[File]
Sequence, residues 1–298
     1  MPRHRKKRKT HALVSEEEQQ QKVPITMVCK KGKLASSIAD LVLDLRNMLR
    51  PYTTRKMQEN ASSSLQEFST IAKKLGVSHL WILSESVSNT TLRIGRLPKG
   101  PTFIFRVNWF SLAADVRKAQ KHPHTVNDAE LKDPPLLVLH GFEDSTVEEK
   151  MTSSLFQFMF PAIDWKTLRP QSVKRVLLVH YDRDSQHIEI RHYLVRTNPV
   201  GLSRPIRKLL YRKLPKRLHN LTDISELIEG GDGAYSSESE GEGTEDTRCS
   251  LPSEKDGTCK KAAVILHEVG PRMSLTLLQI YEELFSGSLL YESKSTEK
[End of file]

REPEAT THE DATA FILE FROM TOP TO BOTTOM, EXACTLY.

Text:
Sequence, residues 1–298
     1  MPRHRKKRKT HALVSEEEQQ QKVPITMVCK KGKLASSIAD LVLDLRNMLR
    51  PYTTRKMQEN ASSSLQEFST IAKKLGVSHL WILSESVSNT TLRIGRLPKG
   101  PTFIFRVNWF SLAADVRKAQ KHPHTVNDAE LKDPPLLVLH GFEDSTVEEK
   151  MTSSLFQFMF PAIDWKTLRP QSVKRVLLVH YDRDSQHIEI RHYLVRTNPV
   201  GLSRPIRKLL YRKLPKRLHN LTDISELIEG GDGAYSSESE GEGTEDTRCS
   251  LPSEKDGTCK KAAVILHEVG PRMSLTLLQI YEELFSGSLL YESKSTEK